Consolidation before recovery in hazy solar industry

Consolidation before recovery in hazy solar industry

Summary: The exit of smaller players, as well as developing of new markets and demand, will be key in reviving an industry faced with "fierce competition", oversupply and government-subsidy withdrawals.

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The bankruptcy of Chinese solar panel maker Suntech has cast a shadow of uncertainty over the global solar market, which is already struggling with intense competition, market saturation, and trade disputes. These factors will likely herald a period of market consolidation, and recovery will take place but slowly.

Last month, Suntech filed for bankruptcy after it had defaulted on a US$541 million bond payment.

Leo Wang, analyst at China Market Research Group (CMR), said two interlinked factors caused the demise of one of the world's biggest solar companies. First, many Chinese solar companies focused on developing low-cost solar products to gain market share and this meant they suffered from diminishing profit margins.

The other factor was that customer demand was not growing as fast as the manufacturing of the solar products, resulting in an over-supplied market, Wang explained.

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The solar power market will likely see consolidation before it recovers from the intense competition that has already led to China's Suntech declaring bankruptcy.

Suntech's misfortunes are also a red flag to signal the troubles in the Chinese solar power industry, which is one of the major markets globally. Suchitra Sriram, Asia-Pacific program manager for energy and environment at Frost & Sullivan, said the Chinese solar industry peaked too early, and this had repercussions elsewhere since most of its solar products were exports.

Furthermore, the growth of Chinese solar companies was supported by extensive credit lines offered by local governments or state-backed agencies. These parties encouraged manufacturers to expand production capacity rapidly, Sriram said.

"The heavy subsidies from the government attracted haphazard investments in the sector, and created a mammoth amount of overcapacity that even some of the larger companies could not break even.

"China became the global nerve center for solar manufacturing, pushing Japan and German companies behind. And this created a massive oversupply situation and drove panel prices down nearly 23 percent in 2012," she noted.

These companies' reliance on overseas markets, especially the U.S. and Europe, added to their susceptibility of the impact of wider economic forces. The Eurozone crisis, which forced governments to cut back on solar subsidies, and the anti-dumping duties the U.S. government slapped on China-made solar panels led to the "downward spiral of the Chinese solar power industry", she added.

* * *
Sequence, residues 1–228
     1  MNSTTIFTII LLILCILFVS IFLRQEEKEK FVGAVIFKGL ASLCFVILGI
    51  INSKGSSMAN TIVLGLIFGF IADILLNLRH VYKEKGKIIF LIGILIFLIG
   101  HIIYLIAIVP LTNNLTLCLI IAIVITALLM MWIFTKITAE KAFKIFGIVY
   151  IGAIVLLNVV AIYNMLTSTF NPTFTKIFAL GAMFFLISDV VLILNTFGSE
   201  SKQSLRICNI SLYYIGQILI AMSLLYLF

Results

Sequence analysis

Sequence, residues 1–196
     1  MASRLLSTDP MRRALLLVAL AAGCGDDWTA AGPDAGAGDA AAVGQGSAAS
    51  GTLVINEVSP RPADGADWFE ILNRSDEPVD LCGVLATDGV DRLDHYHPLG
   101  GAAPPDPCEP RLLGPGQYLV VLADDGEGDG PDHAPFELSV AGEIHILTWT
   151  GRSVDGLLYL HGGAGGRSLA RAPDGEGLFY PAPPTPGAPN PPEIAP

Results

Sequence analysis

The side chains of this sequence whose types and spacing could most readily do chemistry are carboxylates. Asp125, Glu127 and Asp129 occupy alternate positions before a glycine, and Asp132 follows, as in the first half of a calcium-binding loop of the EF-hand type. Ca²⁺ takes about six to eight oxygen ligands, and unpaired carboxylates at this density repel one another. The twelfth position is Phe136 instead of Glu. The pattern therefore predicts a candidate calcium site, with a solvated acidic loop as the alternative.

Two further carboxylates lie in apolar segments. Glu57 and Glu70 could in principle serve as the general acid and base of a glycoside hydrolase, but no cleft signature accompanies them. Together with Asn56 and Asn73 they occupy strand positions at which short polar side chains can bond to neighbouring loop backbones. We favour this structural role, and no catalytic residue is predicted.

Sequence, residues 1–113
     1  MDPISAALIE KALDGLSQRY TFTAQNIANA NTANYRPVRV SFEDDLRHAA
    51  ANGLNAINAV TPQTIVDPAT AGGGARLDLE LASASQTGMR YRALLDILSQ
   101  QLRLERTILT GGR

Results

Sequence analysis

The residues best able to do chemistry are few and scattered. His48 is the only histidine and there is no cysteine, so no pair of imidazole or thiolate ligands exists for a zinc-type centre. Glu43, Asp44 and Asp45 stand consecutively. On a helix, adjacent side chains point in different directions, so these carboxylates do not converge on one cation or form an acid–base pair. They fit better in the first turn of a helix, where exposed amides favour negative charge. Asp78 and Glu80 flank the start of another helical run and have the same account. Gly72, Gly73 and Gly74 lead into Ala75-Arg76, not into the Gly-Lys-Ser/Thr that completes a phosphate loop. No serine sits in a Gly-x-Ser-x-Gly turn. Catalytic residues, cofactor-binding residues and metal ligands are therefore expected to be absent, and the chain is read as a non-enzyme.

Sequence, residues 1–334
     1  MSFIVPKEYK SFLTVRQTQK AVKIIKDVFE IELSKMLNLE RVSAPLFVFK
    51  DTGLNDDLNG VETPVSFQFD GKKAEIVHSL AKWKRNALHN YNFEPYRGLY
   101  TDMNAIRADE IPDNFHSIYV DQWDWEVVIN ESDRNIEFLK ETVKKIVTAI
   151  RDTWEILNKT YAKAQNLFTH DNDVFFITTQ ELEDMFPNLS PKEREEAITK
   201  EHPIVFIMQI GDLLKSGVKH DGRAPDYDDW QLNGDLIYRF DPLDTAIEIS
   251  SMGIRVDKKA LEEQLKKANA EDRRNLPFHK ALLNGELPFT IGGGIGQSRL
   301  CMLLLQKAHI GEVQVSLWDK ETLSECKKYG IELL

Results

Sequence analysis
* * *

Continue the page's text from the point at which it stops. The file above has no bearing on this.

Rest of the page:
Survival of the fittest

Sriram went to say Suntech will unlikely to be the last Chinese company to wind up. Small and midsize solar businesses may eventually exit as they are unable to cope with the diminishing margins. The stronger companies will survive, but not before a period of consolidation that will happen worldwide, she predicted.

Wang concurred, saying the solar power industry is unlikely to recover any time soon, at least not until the European Union (EU) and U.S. see an upturn in their economies. Current competition is "extremely fierce" and proving to be harmful to many companies within the industry, he added.

"The failure of Suntech is going to make other players in solar market be more cautious which will also slow the recovery. Perhaps most importantly, this sector can truly take off [only] when the price for fossil fuels increase to a point where solar energy is the more attractive financial alternative, even in the absence of government subsidies," he emphasized.

He added that while the Chinese market is a key one, local solar companies will not be responsible for the make or break of the global solar power industry as there are other factors hampering its growth.

"The entire solar industry is structurally flawed and has been artificially sustained through heavy subsidies when [U.S. and E.U.] governments were flush with cash during the early 2000s. [After the 2008 economic crisis], these subsidies were called into question because governments find themselves in a position where they would rather concentrate their investments on short-term growth and unemployment, than solar energy which is a much longer-term investment with uncertain returns," Wang explained.

Sriram added that Suntech's exit will not drastically alter the global solar market as there remains "too much competition in the manufacturing space" with companies from India, Taiwan, Japan, and Europe competing for a slice of the action.

The important thing is to develop new markets across the globe and for companies to promote the adoption of solar tech in order for excess supply to be absorbed in the next few years, she advised.

Topics: Emerging Tech, China, Tech Industry

Jamie Yap

About Jamie Yap

Jamie writes about technology, business and the most obvious intersection of the two that is software. Other variegated topics include--in one form or other--cloud, Web 2.0, apps, data, analytics, mobile, services, and the three Es: enterprises, executives and entrepreneurs. In a previous life, she was a writer covering a different but equally serious business called show business.

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